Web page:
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Alternatives to Thycotic

Alternatives to ThycoticAlternatives to Thycotic

Thycotic was founded in 1996 as a consulting company and has evolved into a leading provider of Privileged Access Management (PAM). Thycotic’s Privilege Manager is a tool that allows organizations to secure access for privileged administrators (typically systems and database administrators) to Windows Servers, Linux servers, and some database management systems through a centralized authentication method.  It does not secure access to modern and cloud-native databases, Kubernetes clusters, the cloud CLIs, switches, routers, or internal web applications.

TL;DR

Feature Thycotic strongDM CyberArk Hashicorp Boundary
Credential rotation ✔️   ✔️ ✔️
Credential leasing   ✔️    
Protects access to SSH servers ✔️ ✔️ ✔️ ✔️
Protects access to databases ✔️ ✔️ ✔️ ✔️
Protects access to K8s   ✔️   ✔️
Protects access to RDP ✔️ ✔️ ✔️  
Web SSH sessions ✔️ ✔️ ✔️  
Audit log and session replay ✔️ ✔️ ✔️  
RBAC   ✔️   ✔️
SSO integration   ✔️   ✔️
MFA integration ✔️ ✔️    
Technical support ✔️ ✔️    
Simple, straightforward pricing   ✔️    
Free       ✔️

Thycotic

Brief product summary

Thycotic uses a least-privilege policy to manage access to resources. The Secret Server enables system administrators to manage privileged account access and protect credentials for a wide range of platforms and services. Thycotic provides a single dashboard from which users can discover and search for accounts, manage, provision, and delegate access to all accounts. System Admins can manage passwords, automate password changes for network accounts, and integrate with multiple CRM systems.

Use cases

  • Discover and manage privileged accounts and store passwords in a Secret Server.
  • Ensure that sensitive information is not exposed.
  • Configure two-factor authentication for all users.
  • Automate password rotation and management.
  • Receive notifications when credentials are used out of the norm.
  • Thycotic provides centralized access to Linux and Windows servers and some legacy databases.

Pluses

  • Easy installation.
  • Password Account Management is available in both the on-premise and cloud versions.
  • Affordable and competitive pricing.
  • SSH access is available.
  • RDP access is available.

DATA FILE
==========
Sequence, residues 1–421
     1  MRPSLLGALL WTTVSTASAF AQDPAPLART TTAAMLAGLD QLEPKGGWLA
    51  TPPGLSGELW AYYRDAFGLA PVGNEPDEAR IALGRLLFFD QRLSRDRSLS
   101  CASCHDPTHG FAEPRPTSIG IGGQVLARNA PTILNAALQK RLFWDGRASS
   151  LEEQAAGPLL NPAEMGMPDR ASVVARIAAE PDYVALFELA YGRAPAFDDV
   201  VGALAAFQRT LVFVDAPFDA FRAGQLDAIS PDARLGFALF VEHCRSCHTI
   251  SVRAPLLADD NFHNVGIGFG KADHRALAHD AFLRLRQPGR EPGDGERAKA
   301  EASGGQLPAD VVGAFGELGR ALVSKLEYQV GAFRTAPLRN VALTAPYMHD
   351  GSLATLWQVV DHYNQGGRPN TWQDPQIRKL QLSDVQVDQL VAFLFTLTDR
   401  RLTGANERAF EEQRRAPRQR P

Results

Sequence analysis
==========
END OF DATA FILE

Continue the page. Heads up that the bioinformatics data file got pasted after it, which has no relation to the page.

• Authenticates users through LDAP and Active Directory (AD).
  • Integrates with some machine groups.
  • Cloud and on-premise deployable.

Minuses

  • Thycotic is designed for legacy systems and highly privileged administrators.
  • It is designed for Windows-based environments and does best with legacy databases and authentication methods (AD, LDAP).
  • It is not designed for any cloud-native environments, newer database management systems, nor does it handle modern infrastructure toolings like Kubernetes, Dockers, and ephemeral environments.
  • It does not cover all users within a company, most of whom require access to systems that contain privileged information (for example, financial analysts who might need access to transactional information).
  • Thycotic does not secure access to modern and cloud-native databases, Kubernetes clusters, cloud CLIs, switches, routers, or internal web applications.
  • The pricing model is complex.

strongDM

Brief product summary

strongDM is a control plane to manage and monitor access to databases, servers, and Kubernetes. Their zero trust model means instead of distributing access across a combination of VPN, individual database credentials, and SSH keys, strongDM unifies user management in your existing SSO (Google, Onelogin, Duo, Okta, etc...) and keeps the underlying credentials hidden. Neither credentials nor keys are accessible by end users. Because strongDM deconstructs every protocol, it also logs all database queries, complete SSH and RDP sessions, and kubectl activity.

Use cases

  • Faster on-boarding- no need to provision database credentials, ssh keys, VPN passwords for each new hire.